This year, Superintendent Vicki Phillips closed five schools and another six may be headed for closure in 2006. Over the past four years, district-wide enrollment in Portland has dropped by 4,500 kids. Although diminishing household size and rising housing costs are partially responsible for declining enrollment, demographic factors alone do not account for the exodus of families from the district.

From integration to liberation

U.S. public schools have always eerily replicated society’s racial and economic stratification, but the segregation caused by school choice is especially disturbing. First, thanks to urban revitalization efforts around the country, many inner-city neighborhoods are no longer defined by race and class. And yet, as these formerly languishing communities attract new–and wealthier–residents, the schools themselves continue to lose money, students and prestige. Second, although you can’t blame parents for wanting to send their child to the best school they can find, politically sanctioned choice policies facilitate, rather than mitigate the decline of urban schools.

“In the 1970s, school choice was considered a peaceful way to integrate the schools and encourage parental involvement,” says Peter Cookson, Dean of the Graduate School of Education at Lewis & Clark College. “The emphasis on school choice is now personal liberty and individual competition.”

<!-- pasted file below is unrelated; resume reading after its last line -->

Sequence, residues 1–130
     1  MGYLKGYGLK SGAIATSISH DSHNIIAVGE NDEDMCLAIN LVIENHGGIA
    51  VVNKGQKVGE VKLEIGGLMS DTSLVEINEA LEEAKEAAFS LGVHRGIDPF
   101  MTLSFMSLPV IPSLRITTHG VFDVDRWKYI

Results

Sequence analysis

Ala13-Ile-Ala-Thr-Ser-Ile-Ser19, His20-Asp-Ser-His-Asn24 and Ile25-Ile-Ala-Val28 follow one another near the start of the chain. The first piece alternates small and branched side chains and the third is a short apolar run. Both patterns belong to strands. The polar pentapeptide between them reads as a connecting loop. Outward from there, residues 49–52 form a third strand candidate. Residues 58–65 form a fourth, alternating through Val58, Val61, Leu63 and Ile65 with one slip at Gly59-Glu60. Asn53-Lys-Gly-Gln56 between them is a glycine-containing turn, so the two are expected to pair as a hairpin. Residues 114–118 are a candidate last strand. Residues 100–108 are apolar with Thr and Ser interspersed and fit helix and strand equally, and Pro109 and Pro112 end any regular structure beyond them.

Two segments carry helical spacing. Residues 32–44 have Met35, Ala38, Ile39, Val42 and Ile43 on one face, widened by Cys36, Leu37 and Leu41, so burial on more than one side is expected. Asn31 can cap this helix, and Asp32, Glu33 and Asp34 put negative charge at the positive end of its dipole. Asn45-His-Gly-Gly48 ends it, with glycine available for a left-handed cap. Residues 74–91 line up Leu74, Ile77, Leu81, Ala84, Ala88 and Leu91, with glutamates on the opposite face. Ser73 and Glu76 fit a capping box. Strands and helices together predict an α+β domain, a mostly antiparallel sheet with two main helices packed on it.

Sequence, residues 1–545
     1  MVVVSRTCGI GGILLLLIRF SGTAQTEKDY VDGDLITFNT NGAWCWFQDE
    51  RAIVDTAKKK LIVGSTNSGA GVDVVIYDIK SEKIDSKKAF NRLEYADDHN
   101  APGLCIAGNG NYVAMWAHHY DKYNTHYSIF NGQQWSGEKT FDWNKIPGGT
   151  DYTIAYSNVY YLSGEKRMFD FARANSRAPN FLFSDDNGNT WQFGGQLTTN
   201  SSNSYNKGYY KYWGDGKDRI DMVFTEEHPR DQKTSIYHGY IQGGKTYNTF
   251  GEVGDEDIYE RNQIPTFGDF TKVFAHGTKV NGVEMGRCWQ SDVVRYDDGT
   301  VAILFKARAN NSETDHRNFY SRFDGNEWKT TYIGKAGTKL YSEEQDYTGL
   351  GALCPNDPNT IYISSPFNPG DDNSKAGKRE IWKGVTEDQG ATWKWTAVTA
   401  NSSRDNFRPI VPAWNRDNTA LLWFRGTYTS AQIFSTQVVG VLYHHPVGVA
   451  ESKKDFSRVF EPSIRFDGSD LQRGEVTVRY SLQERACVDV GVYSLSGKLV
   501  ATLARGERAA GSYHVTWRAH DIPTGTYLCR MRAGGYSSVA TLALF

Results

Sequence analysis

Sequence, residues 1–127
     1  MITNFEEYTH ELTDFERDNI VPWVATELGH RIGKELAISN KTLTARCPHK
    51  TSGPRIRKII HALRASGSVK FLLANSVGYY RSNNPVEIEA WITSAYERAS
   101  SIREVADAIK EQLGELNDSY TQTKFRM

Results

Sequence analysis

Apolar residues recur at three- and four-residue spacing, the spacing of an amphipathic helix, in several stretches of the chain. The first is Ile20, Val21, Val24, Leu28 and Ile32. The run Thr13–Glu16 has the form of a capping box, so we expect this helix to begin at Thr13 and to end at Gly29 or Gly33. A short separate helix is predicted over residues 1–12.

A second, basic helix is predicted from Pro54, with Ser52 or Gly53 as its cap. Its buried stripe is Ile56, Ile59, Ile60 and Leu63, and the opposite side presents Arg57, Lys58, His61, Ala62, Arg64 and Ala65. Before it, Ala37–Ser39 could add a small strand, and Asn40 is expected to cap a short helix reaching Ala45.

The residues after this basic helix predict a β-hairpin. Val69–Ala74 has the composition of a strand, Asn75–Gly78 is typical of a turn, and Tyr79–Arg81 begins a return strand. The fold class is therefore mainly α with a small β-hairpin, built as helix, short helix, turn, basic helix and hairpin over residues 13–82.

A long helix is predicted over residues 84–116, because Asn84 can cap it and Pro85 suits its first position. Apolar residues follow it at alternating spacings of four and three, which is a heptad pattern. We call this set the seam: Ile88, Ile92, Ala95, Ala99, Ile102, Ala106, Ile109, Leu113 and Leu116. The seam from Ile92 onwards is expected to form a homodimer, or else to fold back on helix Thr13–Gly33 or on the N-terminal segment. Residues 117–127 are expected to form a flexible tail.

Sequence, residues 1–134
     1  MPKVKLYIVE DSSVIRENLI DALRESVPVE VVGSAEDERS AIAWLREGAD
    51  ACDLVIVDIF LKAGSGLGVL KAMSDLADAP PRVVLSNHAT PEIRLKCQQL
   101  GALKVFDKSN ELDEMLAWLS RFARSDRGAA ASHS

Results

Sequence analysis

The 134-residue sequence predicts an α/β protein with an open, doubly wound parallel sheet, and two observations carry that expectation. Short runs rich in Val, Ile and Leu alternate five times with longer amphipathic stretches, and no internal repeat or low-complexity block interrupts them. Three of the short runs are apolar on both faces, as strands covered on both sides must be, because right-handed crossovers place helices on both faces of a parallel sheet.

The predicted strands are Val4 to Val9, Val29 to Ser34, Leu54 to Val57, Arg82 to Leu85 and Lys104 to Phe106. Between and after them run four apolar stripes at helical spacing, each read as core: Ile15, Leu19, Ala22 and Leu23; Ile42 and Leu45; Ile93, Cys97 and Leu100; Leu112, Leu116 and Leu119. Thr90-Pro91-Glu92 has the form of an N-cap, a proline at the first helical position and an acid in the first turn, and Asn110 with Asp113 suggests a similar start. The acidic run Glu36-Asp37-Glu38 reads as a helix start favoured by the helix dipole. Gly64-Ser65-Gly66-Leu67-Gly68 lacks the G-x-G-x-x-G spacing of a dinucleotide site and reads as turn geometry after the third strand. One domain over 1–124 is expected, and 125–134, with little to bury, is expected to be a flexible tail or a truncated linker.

Ask some of Portland’s transfer families why they left the neighborhood, and you’ll hear an invocation to academic achievement and freedom of choice. Consider Victoria Guillebeau, a self-described white middle class Portland mom who used the NCLB transfer provision to put her son in a special focus arts school across town. “I have a child who is very bright,” says Guillebeau, who opted out of the predominantly black neighborhood school because she didn’t consider it intellectually challenging.

“I think it’s great we have a transfer system that allows parents to pick schools that fit their kids better so they can grow up in a community of their choosing,” says Craig Williams, another parent who transferred his daughter from a predominantly African American elementary school–with decent test scores–to Hollyrood Elementary, a program rated “exceptional” by the Oregon Department of Education. “It truly gives kids a better opportunity to learn,” he says.

Miguel Salinas, a former principal and an advocate for poor and Latino students, begs to differ. School choice only works, he says, if parents have the ability to make informed decisions, an ingredient in short supply among the families he represents. “If a student is having trouble at Marshall High School [a failing school under NCLB], just picking up and transferring is seldom going to produce a positive result,” Salinas says. “I’d rather take a look at Marshall and say, ‘What is the capacity here? How do we build up the community as a real partner?’”

Vicious cycles

But how do you build up community when educational policies conspire to tear it down? As Olson points out, under Portland’s school choice system, two of the city’s poorest elementary schools, Humboldt and King, have lost 40 percent of their neighborhood student population to other schools. The city’s two richest schools, by contrast, Forest Park and Ainsworth, enroll more than 95 percent of their neighborhood population.